University of New South Wales, Sydney, Australia.
ph. +61-2 9555 9916  mob. 0413 60 70 73
Email: rod at RodOConnorAssoc.com
Web site: www.RodOConnorAssoc.com
_______________________________________

    ------------------------------------------------------------------------
    *From:* Denny Borsboom [mailto:d.borsboom at uva.nl]
    *Sent:* Monday, November 05, 2007 9:28 AM
    *To:* Paul Barrett
    *Subject:* Re: [Rasch] Noise in observations ...

    Hi Paul,
    Thanks for your interesting post. I'm wondering why you would use
    sumscores and not, say, product scores or any other of the millions
    of alternative ways of aggregating items? 
    Best
    Denny

Ha!
 
Hello Denny - funny you should ask that ..
 
The answer has to be that intuitively, a simple sumscore is the most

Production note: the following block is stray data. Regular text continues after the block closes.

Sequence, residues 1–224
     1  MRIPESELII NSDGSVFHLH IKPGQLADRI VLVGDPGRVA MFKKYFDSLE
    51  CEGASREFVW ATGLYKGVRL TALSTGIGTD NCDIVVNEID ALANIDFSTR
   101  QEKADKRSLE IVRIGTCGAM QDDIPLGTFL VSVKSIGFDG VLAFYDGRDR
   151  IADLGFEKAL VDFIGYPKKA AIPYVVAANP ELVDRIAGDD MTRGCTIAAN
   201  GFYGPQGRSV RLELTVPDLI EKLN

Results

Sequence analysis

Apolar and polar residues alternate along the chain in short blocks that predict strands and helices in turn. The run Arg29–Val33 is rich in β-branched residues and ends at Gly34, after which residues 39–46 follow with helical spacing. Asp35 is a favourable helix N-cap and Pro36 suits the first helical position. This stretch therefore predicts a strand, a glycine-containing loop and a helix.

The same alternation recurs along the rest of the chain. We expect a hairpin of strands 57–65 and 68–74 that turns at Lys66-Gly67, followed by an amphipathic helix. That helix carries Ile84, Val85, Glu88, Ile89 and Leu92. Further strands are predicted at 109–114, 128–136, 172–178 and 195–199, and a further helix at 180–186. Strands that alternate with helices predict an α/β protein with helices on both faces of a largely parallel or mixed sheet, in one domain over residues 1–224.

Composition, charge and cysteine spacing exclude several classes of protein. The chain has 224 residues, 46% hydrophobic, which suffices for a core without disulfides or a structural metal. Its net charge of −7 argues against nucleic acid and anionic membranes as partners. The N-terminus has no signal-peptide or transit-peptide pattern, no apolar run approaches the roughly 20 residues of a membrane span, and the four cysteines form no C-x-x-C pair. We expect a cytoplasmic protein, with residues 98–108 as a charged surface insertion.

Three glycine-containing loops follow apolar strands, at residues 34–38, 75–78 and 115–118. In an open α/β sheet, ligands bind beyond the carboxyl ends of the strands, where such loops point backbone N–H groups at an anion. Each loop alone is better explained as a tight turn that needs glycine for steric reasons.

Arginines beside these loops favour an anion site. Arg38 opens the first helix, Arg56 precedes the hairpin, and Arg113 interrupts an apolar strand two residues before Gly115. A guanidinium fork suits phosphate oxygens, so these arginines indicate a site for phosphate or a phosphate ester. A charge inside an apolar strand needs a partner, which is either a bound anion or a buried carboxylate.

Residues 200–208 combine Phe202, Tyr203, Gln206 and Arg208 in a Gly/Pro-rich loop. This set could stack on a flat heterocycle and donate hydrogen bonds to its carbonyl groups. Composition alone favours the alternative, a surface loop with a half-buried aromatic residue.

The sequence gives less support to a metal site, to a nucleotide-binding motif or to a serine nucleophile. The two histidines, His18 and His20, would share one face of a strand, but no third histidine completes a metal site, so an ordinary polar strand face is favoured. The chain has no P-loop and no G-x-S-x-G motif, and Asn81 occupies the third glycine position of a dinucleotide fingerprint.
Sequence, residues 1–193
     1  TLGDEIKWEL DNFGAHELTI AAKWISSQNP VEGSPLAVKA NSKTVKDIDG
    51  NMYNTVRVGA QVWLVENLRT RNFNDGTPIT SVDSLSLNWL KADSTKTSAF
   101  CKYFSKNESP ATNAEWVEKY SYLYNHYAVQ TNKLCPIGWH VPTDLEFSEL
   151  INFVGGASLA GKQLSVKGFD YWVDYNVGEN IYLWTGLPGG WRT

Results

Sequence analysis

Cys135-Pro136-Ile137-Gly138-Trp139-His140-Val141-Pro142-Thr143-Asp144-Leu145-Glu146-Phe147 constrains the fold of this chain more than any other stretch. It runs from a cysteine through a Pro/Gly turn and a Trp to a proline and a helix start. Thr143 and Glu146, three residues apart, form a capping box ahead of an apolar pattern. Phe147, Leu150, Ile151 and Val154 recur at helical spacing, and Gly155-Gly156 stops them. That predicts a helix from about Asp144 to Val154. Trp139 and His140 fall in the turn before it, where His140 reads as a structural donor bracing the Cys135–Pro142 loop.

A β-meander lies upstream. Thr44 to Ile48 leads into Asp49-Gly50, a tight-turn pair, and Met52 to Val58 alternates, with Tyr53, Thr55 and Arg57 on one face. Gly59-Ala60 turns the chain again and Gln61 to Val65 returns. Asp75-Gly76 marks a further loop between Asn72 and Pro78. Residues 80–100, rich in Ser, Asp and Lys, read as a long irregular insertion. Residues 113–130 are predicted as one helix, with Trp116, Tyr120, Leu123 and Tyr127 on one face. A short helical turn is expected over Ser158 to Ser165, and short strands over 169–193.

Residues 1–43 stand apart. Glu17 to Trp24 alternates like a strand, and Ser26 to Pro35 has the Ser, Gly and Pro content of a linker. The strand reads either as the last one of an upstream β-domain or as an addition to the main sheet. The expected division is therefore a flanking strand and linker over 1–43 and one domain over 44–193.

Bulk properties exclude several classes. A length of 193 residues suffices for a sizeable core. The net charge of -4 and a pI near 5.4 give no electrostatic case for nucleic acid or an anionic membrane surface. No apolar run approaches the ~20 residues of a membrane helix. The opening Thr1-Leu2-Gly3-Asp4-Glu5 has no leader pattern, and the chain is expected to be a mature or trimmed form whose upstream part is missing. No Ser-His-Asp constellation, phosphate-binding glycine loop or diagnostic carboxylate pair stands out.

basic way of representing something as crude as "more of this = more or 
less of that" - with no more thought than this applied to such an 
approach. It really is a kind of "basic" thinking that I'm sure is so 
intuitive as it requires nothing more than simple addition of item 
responses.
 
The key here is how you treat that "summation". i.e. whether you 
continue to rely upon the additivity assumption and so end up with CTT 
and and a whole host of "data-model-presumptive" indices - or keep 
remembering that really these magnitudes might just as well be crude 
orders and so use them as ordered classes and seek evidence for what 
these classes might indicate in terms of some expected set of outcomes.
 
My own "research" work and thinking nowadays is exactly that, seeking 
optimal ways of scoring "assessments" (whether questionanire items, 
scales, behavioral indicators/observations, or whatever, in terms of 
maximizing cross-validated predictive validity - and establishing a set 
of clear empirical relations first between "variables" - before 
attempting (if at all) to impose a more formal data model upon them.
 
Indeed, I have said in several presentations now that I think the next 
big advances in psychology will be in how we combine "variables" to